Ah, it’s finally the weekend and it’s the perfect opportunity to curl up on the couch with the whole gang for some light-hearted, family-friendly screen time. The problem: You’ve either blown through all the movie night options. The solution: Our round-up of family TV shows that will delight audiences of all ages. Pick from this list and press play—we promise everyone will be eating popcorn and feeling happy as can be.

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the wonder years family tv shows
ABC PHOTO ARCHIVES/GETTY IMAGES

1. The Wonder Years

This witty and heartfelt coming-of-age classic is sure to fill the adults in the room with nostalgia for their own childhoods and, as luck would have it, The Wonder Years is just as charming for younger generations too. To refresh your memory: Actor Fred Savage nails it as the little boy on the block and Daniel Stern, who lends his talents as narrator, has the kind of soothing voice that will put you (and any unruly offspring) at ease. The content here is pretty mild, but parents should know that drug references and sexual innuendo do crop up as the main character, Kevin Arnold, grows up. That said, in the sea of throwbacks—most of which seem downright scandalous when viewed by a modern parent—The Wonder Years stands out as a family-friendly gem.

Best for ages 11+

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family tv shows british baking show  1
Courtesy of Netflix

2. The Great British Baking Show

In case you missed it, The Great British Baking Show is everybody’s favorite reality-style cooking contest: Civilized and sweet, this show is basically a crash course in good sportsmanship (i.e., just what you’d expect from a baking competition that hails from across the pond). That’s right, friends—there’s no foul language, snark or mean-spirited competition to be found in this eight season series. Instead, the contestants and the hosts (both consistently kind and supportive) rely on wit and irresistible charm to win over audiences of all ages. The end result? Ample entertainment that promises to satisfy any sweet tooth and leave the whole fam feeling good.

Best for ages 6+

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nailed it family tv shows
Courtesy of Netflix

3. Nailed It!

Fans of the blooper reel will have a blast watching this cooking competition which features the successes and failures (OK, just failures) of home cooks as they attempt to recreate professional desserts. The premise of the show is that the painfully unskilled contestants really never ‘nail it’ so don’t expect any inspiring moments of personal triumph or serious culinary education to come from this one. That said, all four seasons of flub-tastic content is completely kid-friendly and guaranteed to inspire uproarious laughter in viewers of all ages—and it’s worth noting that the contestants knew exactly what they signed up for, so the joke is all in good fun.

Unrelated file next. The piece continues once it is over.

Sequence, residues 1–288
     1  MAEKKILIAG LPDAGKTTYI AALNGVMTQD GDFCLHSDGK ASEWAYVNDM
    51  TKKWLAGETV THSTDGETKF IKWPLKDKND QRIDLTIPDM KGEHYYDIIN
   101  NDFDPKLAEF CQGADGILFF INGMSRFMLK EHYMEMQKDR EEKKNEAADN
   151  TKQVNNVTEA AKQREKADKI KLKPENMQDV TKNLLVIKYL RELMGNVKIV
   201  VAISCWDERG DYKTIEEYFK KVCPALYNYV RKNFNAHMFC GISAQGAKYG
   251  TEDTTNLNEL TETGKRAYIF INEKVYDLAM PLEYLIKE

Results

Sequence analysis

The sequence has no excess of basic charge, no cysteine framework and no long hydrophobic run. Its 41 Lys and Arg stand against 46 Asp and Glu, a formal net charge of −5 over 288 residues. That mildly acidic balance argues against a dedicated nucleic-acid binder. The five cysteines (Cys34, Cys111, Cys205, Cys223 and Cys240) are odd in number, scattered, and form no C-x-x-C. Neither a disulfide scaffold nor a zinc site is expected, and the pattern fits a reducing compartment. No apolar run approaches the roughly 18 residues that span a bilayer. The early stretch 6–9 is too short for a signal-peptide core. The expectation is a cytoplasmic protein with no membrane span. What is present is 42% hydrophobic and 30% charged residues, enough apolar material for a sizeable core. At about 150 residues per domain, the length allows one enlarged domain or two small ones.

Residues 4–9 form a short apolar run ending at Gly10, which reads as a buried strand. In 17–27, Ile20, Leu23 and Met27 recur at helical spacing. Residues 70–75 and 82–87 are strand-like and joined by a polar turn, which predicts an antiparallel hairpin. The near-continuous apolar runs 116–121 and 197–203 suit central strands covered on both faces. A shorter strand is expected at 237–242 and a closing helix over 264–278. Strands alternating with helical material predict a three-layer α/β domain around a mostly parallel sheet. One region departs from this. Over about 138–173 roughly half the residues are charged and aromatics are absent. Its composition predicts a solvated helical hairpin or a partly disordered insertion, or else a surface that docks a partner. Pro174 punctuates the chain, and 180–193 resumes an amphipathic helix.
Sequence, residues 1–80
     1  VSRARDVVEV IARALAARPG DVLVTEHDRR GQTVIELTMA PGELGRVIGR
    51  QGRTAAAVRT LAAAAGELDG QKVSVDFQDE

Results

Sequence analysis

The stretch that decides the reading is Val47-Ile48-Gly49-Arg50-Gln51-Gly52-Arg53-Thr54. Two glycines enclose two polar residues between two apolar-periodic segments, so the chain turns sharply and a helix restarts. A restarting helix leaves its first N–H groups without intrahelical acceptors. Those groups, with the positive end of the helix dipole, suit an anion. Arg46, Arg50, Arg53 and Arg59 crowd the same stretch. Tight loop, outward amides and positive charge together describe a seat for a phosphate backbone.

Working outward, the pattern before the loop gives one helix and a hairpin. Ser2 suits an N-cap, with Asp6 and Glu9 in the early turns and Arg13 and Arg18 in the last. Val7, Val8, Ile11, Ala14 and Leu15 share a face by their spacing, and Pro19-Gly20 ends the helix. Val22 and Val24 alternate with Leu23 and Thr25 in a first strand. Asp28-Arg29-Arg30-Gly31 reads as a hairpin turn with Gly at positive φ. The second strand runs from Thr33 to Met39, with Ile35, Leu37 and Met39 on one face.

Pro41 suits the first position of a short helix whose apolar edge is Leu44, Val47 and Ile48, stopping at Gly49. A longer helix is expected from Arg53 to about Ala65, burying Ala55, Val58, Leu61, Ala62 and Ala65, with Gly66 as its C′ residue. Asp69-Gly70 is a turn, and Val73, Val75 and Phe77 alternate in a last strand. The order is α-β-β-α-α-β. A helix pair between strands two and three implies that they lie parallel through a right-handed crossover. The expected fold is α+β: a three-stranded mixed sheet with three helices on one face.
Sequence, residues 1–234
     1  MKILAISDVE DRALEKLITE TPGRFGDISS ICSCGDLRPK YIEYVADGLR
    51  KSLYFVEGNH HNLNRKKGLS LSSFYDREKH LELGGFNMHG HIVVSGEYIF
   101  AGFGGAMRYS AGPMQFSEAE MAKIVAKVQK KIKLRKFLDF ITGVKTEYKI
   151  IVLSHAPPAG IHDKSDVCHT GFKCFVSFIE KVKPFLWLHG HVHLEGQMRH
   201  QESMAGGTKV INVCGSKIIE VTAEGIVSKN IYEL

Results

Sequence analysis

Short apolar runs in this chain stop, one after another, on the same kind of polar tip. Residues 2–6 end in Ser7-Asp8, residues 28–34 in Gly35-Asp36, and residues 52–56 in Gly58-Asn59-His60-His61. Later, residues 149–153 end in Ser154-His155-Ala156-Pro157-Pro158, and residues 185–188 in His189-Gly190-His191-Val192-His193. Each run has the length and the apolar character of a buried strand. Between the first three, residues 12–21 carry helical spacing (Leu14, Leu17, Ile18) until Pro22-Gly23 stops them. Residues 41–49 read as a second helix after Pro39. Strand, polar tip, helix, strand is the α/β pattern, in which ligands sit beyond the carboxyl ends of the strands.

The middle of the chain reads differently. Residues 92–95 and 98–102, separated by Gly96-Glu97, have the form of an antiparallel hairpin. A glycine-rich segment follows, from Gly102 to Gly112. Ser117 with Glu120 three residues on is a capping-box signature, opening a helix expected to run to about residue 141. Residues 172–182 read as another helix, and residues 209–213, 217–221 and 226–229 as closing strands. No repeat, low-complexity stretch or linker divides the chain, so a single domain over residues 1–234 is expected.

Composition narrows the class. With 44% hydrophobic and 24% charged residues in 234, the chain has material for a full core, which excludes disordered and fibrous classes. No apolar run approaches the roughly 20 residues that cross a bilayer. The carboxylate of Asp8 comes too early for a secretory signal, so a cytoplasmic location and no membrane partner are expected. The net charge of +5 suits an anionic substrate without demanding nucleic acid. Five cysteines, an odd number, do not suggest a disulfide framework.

Best for ages 10+

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the good witch family tv shows
Copyright 2017 Crown Media United States LLC/Photographer: Shane Mahood

4. Good Witch

A TV series spin-off from the popular Good Witch movie franchise, this wholesome drama centers around the magnetic Cassie Nightingale—a witch who uses her charm and magic to help others in her small town. The series emphasizes the importance of empathy, responsibility and kindness—positive messages that are made relatable to young viewers by way of a storyline that includes depictions of adolescent characters navigating social pressures. This feel-good family drama is appropriate for kids of all ages (though the very youngest might be bored) and a good watch for adults, too. In fact, the only potential concern here has nothing to do with the content, but rather the lack of diversity in the cast, which is disappointing indeed (and might be a deal-breaker for some).

Best for ages 8+

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Discovery Channel

5. MythBusters

Every episode of MythBusters explores a new urban legend with an energetic and engaging approach to problem solving that’s designed to get kids interested in the scientific method...and it works. The wise-cracking duo who lead the truth-seeking missions start with a hypothesis, proceed to hands-on experiments and draw conclusions—an educational journey that they make exciting every step along the way. Some of the experiments (like ones that use animal parts) might be too intense for the littlest kids, but overall this one is enjoyable for all ages and especially appropriate for curious kids with a penchant for “what if” questions.